, lasts for four years, starting at age six. Maximum class size is 30, but may be as low as 15. It is generally expected that a class will be taught by one teacher for the entire four years and the stable bond between teacher and pupil is considered important for a child's well-being. The so called "3Rs
The three Rs
The three Rs are the foundations of a basic skills-orientated education program within schools: Reading, wRiting and aRithmetic.The phrase is attributed to a toast given by Sir William Curtis around 1825...

"(Reading, wRiting and aRithmetic) dominate lesson time, with less time allotted to project work than in the UK. Children work individually and all members of a class follow the same plan of work. There is no streaming. Lessons begin at 8 am and last until noon or 1 pm with hourly five- or ten-minute breaks. Children are given homework daily from the first year. Historically there has been no lunch hour, with children returning home to eat. However, due to a rise in the number of mothers in work, primary schools are increasingly offering pre-lesson and afternoon care.As in Germany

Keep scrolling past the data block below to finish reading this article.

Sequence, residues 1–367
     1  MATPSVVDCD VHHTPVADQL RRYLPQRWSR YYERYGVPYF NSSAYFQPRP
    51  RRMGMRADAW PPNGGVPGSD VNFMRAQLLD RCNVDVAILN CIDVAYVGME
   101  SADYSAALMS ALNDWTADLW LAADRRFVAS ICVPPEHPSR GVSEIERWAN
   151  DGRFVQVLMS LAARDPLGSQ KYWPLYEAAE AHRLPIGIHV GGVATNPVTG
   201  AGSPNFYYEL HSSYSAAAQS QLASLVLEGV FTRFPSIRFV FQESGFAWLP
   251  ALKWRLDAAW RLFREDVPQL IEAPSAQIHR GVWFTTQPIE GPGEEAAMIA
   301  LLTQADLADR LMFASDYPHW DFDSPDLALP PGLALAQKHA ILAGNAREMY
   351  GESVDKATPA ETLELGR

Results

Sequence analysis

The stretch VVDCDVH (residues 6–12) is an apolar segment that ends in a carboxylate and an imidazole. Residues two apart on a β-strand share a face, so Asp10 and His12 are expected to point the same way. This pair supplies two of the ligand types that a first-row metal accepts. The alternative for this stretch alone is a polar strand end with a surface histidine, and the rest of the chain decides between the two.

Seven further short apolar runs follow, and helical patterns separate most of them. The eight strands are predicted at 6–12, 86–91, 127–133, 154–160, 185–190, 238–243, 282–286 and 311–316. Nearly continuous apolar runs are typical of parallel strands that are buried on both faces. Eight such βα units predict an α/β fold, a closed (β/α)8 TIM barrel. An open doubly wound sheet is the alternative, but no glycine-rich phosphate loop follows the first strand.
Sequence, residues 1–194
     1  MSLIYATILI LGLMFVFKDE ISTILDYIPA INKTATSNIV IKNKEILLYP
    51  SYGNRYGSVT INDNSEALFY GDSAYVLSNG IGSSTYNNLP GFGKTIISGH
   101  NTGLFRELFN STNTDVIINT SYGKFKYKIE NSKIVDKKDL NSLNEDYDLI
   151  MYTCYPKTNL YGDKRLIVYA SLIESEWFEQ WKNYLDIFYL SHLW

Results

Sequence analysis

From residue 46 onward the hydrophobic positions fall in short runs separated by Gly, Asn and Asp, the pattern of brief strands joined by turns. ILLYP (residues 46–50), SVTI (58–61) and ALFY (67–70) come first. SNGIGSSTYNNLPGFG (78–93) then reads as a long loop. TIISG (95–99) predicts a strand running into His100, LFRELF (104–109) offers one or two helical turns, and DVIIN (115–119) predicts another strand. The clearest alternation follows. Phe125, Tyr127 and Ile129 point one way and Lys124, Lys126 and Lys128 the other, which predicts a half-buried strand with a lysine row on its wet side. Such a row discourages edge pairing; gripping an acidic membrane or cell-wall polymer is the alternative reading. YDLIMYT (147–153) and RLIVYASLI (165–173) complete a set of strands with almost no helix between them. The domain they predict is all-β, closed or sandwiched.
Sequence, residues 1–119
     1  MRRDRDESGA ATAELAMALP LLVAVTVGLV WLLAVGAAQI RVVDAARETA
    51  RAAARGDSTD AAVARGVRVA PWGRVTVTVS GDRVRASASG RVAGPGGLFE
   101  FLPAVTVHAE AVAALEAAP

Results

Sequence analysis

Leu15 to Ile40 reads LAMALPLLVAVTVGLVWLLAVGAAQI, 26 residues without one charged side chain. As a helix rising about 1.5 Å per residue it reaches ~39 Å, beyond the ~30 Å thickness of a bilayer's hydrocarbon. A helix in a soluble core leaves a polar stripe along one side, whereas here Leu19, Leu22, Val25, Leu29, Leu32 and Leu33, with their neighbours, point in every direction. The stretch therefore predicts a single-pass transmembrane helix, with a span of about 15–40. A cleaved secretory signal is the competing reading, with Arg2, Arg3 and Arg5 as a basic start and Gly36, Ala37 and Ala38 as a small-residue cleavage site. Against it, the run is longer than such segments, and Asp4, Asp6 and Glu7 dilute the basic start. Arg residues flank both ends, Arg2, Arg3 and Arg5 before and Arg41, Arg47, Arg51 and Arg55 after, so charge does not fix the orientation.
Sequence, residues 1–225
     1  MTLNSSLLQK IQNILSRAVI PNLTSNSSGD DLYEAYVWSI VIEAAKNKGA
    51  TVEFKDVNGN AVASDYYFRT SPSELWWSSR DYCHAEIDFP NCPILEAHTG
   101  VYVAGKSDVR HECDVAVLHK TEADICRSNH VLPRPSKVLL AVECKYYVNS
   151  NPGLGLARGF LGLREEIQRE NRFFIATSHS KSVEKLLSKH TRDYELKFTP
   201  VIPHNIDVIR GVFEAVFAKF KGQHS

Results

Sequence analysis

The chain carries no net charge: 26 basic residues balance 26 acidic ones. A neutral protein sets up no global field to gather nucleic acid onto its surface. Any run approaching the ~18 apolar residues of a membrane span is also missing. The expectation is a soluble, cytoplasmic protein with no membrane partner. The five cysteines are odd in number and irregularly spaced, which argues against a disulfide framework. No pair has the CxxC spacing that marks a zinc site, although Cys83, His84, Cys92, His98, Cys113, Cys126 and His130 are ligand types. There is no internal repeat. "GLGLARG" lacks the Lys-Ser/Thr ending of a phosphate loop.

Germany
Germany , officially the Federal Republic of Germany , is a federal parliamentary republic in Europe. The country consists of 16 states while the capital and largest city is Berlin. Germany covers an area of 357,021 km2 and has a largely temperate seasonal climate...

, secondary education
Secondary education
Secondary education is the stage of education following primary education. Secondary education includes the final stage of compulsory education and in many countries it is entirely compulsory. The next stage of education is usually college or university...